Out in front, Owl was clearly aware of my interfering presence there behind him, but he was graciousness personified about things, and although he was surfing like Owl surfs, (which is to say, better than just about anyone else you've ever seen surf in your whole life), he was also clearly leaving just a little bit of squeak-through room back there behind him for yours truly.

And so I got to watch one of the best surfers in the world do his thing on a perfect wave at Sunset Beach, up close and personal.

Best seat in the house.

Big forceful sweeping turns.

Way up into the lip, swoop back down to the bottom, lay the rail over, and zoom back out in front of things, and then do it all over again.

During any point at all along the lines he was drawing across that wave's face, he could have easily held things for just a trifle longer, going down to the bottom, just before laying it all over on his inside rail, and pitted me into oblivion, ending my interference with his ride then and there.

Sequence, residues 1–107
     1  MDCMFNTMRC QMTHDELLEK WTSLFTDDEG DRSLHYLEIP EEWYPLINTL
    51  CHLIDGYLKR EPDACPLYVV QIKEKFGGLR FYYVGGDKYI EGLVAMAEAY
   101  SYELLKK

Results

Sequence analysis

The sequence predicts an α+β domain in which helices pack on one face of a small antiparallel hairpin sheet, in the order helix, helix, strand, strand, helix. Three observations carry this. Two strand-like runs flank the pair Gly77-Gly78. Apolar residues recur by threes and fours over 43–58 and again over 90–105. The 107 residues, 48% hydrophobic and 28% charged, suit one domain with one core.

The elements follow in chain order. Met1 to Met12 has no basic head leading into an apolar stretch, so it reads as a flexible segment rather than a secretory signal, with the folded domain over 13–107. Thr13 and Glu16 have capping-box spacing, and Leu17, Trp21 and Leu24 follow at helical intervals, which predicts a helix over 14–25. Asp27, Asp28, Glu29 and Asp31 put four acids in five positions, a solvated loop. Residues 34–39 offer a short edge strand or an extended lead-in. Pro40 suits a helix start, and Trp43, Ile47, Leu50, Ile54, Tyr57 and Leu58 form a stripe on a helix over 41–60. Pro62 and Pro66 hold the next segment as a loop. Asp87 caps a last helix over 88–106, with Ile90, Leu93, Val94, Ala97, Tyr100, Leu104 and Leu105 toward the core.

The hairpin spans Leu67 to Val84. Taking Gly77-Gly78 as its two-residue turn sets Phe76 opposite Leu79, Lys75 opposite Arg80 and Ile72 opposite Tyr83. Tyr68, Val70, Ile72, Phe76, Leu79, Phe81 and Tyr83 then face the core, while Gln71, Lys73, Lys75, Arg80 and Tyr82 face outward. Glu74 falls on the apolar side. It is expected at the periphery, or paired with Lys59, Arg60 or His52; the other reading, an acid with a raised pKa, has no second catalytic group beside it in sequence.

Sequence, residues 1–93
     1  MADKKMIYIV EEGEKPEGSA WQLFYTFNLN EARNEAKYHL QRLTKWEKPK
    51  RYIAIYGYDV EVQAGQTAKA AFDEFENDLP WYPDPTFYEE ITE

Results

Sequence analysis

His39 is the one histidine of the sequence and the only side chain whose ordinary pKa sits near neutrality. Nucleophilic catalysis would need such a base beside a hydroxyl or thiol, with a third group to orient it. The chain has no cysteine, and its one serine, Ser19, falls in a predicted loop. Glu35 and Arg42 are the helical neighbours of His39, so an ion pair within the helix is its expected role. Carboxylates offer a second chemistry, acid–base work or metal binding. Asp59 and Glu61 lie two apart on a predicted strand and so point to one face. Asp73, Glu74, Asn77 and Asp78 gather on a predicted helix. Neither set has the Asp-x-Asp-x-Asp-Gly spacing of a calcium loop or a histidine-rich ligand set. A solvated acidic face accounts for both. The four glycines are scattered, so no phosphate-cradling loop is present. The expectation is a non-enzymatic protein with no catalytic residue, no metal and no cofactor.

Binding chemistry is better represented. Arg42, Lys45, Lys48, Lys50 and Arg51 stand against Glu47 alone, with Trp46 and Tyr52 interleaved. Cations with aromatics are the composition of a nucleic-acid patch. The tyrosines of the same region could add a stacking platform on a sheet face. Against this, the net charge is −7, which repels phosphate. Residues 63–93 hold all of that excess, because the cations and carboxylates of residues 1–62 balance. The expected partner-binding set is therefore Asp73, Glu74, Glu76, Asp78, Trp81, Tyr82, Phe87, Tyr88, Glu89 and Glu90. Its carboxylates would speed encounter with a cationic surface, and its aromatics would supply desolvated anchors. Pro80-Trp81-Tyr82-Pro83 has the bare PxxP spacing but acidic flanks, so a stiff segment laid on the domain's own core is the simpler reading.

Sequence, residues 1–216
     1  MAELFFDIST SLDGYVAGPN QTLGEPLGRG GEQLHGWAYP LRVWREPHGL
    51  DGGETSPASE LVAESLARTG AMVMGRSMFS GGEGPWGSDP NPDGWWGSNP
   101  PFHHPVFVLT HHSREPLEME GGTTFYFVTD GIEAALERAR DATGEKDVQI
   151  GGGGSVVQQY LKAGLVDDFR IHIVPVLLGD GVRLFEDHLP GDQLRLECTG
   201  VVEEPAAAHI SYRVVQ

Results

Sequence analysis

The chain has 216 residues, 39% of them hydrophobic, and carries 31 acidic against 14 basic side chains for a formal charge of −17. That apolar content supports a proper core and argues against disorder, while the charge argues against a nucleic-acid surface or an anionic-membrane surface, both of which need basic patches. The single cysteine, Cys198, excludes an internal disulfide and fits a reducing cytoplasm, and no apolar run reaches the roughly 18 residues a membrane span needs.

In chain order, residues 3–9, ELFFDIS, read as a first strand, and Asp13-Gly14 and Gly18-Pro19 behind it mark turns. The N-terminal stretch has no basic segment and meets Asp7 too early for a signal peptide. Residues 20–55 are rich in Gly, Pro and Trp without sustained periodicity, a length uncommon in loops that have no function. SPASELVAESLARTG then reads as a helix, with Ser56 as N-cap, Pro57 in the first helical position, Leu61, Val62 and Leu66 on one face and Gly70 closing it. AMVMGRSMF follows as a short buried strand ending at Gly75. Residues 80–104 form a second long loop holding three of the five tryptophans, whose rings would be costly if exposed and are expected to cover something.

But he chose not to.

Class act, in spades.

And the wave cooperated so goddamned perfectly that it took us both right on into and through the inside section, right on through the inside bowl, and out the other side through what I personally call Tooth Rattlers, without a drop of water misplaced, no steps, no warbles, no six-foot-thick death lip levitating over a square bottom, just this stupidly perfect, and stupidly workable wave from one end to the other, and deposits us all the way over on the extreme far end of things into the channel, into the heaving jumble of chop and disorganization of the rip, as if we'd been teleported there by magic and set down on satin pillows while doing so.


Right there next to each other, side by side.